Groton Celebrates Martin Luther King, Jr.’s Legacy

Groton School celebrated the life and legacy of Martin Luther King, Jr. over the course of the holiday weekend.  The organization and schedule of events was devised and executed by the members of the Cultural Alliance with leadership from Nya Holder ’12 and Likhitha Palaypu ’11 and under the direction of faculty advisor Rebecca Stanton P’09.  Beginning with the Morning Prayer service in Chapel on Sunday, Groton students listened to a series of readings that included the historical context and events surrounding the life of Martin Luther King, Jr., excerpts from his speeches, and ways to honor his legacy in our everyday lives.  The Choir sang a number of lively gospel hymns bringing the entire congregation to its feet in celebration.

In keeping with the idea of honoring Martin Luther King, Jr. through service, groups of Groton students took part in a variety of regularly scheduled service activities throughout the weekend.  Some went to Our Father’s House, a men’s homeless shelter in Fitchburg, Massachusetts, to serve the evening meal. Another group of students went to Transitions, an organization that helps single mothers transition to economic independence.  Additionally, two Third Formers, Leah Mozzer and Ally Dick, with the help of Sixth Former Bubba Scott, organized a letter-writing campaign to support U.S. troops stationed in Iraq and Afghanistan.  Over 90 students and adults participated, including visiting cartoonist Robb Armstrong, to thank the American soldiers for their service to this country.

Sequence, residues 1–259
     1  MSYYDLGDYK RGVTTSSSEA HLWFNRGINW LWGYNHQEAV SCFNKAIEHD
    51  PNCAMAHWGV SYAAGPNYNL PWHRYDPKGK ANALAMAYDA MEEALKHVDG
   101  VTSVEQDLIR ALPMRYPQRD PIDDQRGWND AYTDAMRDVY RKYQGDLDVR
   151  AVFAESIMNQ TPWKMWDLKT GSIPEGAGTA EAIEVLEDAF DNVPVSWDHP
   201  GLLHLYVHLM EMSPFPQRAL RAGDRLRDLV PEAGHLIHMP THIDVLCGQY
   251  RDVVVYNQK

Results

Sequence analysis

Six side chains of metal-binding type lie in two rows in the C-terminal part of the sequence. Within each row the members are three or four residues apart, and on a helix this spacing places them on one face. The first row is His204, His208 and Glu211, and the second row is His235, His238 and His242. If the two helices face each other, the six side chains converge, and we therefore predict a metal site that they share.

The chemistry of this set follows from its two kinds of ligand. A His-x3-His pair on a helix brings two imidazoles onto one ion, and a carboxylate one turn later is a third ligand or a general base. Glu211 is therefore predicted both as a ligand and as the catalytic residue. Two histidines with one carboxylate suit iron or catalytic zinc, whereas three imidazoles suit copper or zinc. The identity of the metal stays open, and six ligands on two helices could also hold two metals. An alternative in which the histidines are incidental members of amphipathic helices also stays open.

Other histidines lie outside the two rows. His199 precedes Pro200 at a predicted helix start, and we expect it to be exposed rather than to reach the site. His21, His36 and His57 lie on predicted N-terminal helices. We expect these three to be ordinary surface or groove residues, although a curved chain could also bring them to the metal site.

Sunday night brought the entire Groton community together to witness the one-man show Incognito, written and performed by Michael Frosberg.  The show chronicles Mr. Frosberg’s upbringing by his mother, step-father, and his extended Armenian-American middle class, white family in Chicago. The story takes an unexpected turn when he decides as an adult to find his birth father; his mother’s first husband.  Speaking by telephone with his father for the first time as a 30-year-old man, he learns that his father is African-American, a detail that his mother had not shared with him.  The quandary of racial identity quickly becomes the focus of the play as Mr. Frosberg grapples with his shifting sense of self, and is introduced to his father’s large and welcoming family.

The capstone of the Martin Luther King, Jr. holiday occurred Monday morning with the arrival of syndicated cartoonist Robb Armstrong of the cartoon series “JumpStart.”  In an introductory performance, Mr. Armstrong chronicled his dogged pursuit of his artistic dream, the people along the way who supported and motivated him, and the importance of embracing all aspects of one’s life – the good and the bad.  Following the introductory performance, Mr. Armstrong held three separate workshops for the students.  The first explained his process of drawing his strip, the time and space constraints, and the tools that he utilizes – from a ragged cardboard form to his black, Papermate felt-tip markers. The second workshop provided insight into his writing process: how he transforms day-to-day events and small personal catastrophes into moments of shared experience and hilarity.  The final workshop of the day focused on inspiration: where it comes from, how to channel it, and how to share it.  Part motivational speaker, part stand-up comedian, Mr. Armstrong’s performance was a call to being present in one’s life and working through adversity and rejection to successfully achieve one’s dreams.

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